Stan Kowalski was introduced to the Target Field crowd Friday night and followed by raising the flag. He was there as the latest member of the Greatest Generation to do the Twins the honor of being on hand to add an emotional edge to the national anthem.
Kowalski enlisted in the Navy as a 17-year-old in 1943 and served on three submarines: the Plaice, the Barb and the Bashaw. He was a gunner’s mate, charged with the 50-caliber artillery piece on the deck.
“The Barb was famous,” Kowalski said. “She did a lot of damage to Japanese ships.”
Stan is a week shy of his 91st birthday and in a wheelchair. These aged American heroes always draw an extra-warm ovation from the arriving crowd at the ballpark.
A greeting such as this in a sports venue was novel for Kowalski, since he spent three decades of his life facing venom merely for walking down an aisle in an arena as a pro wrestling villain.
Kowalski was raised in north Minneapolis as Bert Smith. He served in the Navy as Gunnery Mate Smith. He returned to the Twin Cities and enrolled at the University of Minnesota.
“I hadn’t played football in high school, but as a big man and getting bigger, I went out for the Gophers,” he said. “I got in for one play in football, and I was Verne Gagne’s backup as the heavyweight on the wrestling team.”
Joe Pazandak was a pro wrestler, and he worked out at the U. Stan wasn’t quite sure what he was going to do for a job. He was 6-foot-2 and well-muscled and Pazandak suggested that he give wrestling a try.
Bert Smith wasn’t going to cut it as a wrestling name. He tried Buddy Marco and then Sammy Silver.
“He was only Sammy Silver for a few matches,” said wrestling historian George Schire, who agreed that was a few too many.
Finally, the fledgling wrestler decided he needed a name with an edge to it. He went with Stan “Krusher” Kowalski.
“We had a guy around here who didn’t know how to spell,” Stan said. “He spelled Crusher with a C. Everyone knows that you spell it with a K.”
How about Kowalski?
“Koval is the Polish version of Smith, and we added the ‘ski,’ ’’ he said. “When someone says Bert Smith to me, I say, ‘Who’s he?’ ’’
Kowalski was wrestling in Honolulu in the ’50s. Tiny Mills also was there. Tiny and his brother Al (a real brother, not just a wrestling brother) had been a tag team billed as “Murder Inc.”
Al was getting out and Tiny recruited Kowalski as his partner. As you might suspect, a tag team called Murder Inc. was not going to be a crowd favorite.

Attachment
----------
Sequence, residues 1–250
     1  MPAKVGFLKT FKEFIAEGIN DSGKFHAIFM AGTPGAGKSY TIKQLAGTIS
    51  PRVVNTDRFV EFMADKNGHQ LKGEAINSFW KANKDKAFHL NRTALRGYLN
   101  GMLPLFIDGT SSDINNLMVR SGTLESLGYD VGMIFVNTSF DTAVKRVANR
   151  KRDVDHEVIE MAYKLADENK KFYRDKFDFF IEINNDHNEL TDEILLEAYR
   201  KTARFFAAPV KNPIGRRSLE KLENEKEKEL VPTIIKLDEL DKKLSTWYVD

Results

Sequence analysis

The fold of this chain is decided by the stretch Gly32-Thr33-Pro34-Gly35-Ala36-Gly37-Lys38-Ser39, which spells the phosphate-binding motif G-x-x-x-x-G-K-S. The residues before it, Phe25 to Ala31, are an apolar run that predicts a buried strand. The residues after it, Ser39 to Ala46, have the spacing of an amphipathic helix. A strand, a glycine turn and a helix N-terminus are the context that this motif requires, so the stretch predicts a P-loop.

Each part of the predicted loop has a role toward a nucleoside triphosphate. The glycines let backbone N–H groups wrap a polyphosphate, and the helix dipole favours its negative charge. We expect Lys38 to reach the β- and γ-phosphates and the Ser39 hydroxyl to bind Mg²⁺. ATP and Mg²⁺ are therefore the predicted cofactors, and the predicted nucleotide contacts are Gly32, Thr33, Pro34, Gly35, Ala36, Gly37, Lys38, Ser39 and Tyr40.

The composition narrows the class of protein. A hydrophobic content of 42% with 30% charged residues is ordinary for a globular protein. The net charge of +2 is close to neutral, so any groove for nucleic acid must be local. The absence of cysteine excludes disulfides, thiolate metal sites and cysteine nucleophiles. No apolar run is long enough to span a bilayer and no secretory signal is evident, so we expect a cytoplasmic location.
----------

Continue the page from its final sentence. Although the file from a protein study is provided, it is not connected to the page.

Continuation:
The National Wrestling Alliance was the umbrella for the sport nationally in the ’50s with territorial promoters. Mills and Kowalski became the tag team champions for the Midwest territory.
There was also a singles match at the Minneapolis Auditorium on Jan. 19, 1960: Kowalski vs. Gagne. There was a crowd of more than 7,000, “largest in several years” according to the Minneapolis Tribune, and they witnessed Kowalski’s lone victory over Gagne.
Stan’s son Scott has the photo and story on his cellphone. “I had a calendar printed for Dad a few years ago,” Scott said. “And all 12 months had that same photo.”
Gagne and Wally Karbo started the American Wrestling Association later in 1960. Kowalski and Mills were the AWA’s first tag team champions. They lost the title to Hard Boiled Haggerty and Lenny Montana late in the year.
Another Crusher — Lisowski — came to town in 1962. Gagne saw him as a big money maker, and in November 1962 there was a match between Krusher and Crusher, with the loser giving up the name (in the Midwest, anyway).
The new Crusher won, and became a main eventer here for years. Stan wrestled here, there and everywhere, including for the WWF in New York in the late ’60s. The East Coast had Killer Kowalski, so Stan’s name became Krippler Karl Kovachs.
“I had a lot of tights with K on them for Krusher Kowalski,” Stan said. “As Krippler Kovachs, I didn’t have to buy new tights.”
Stan retired in the mid-’70s. He promoted wrestlers and ran nightclubs, including Mr. Nibs on 26th and 26th in Minneapolis.
“I never had any trouble,” Stan said. “Everyone respected me.”
Kowalski had a long run as the state commander of the VFW. He spent decades promoting the United Way to companies, to the point the charitable group now has a Stan Kowalski Award.
Who would have guessed that behind the chest of the co-star of Murder Inc. beats the heart of a good Samaritan.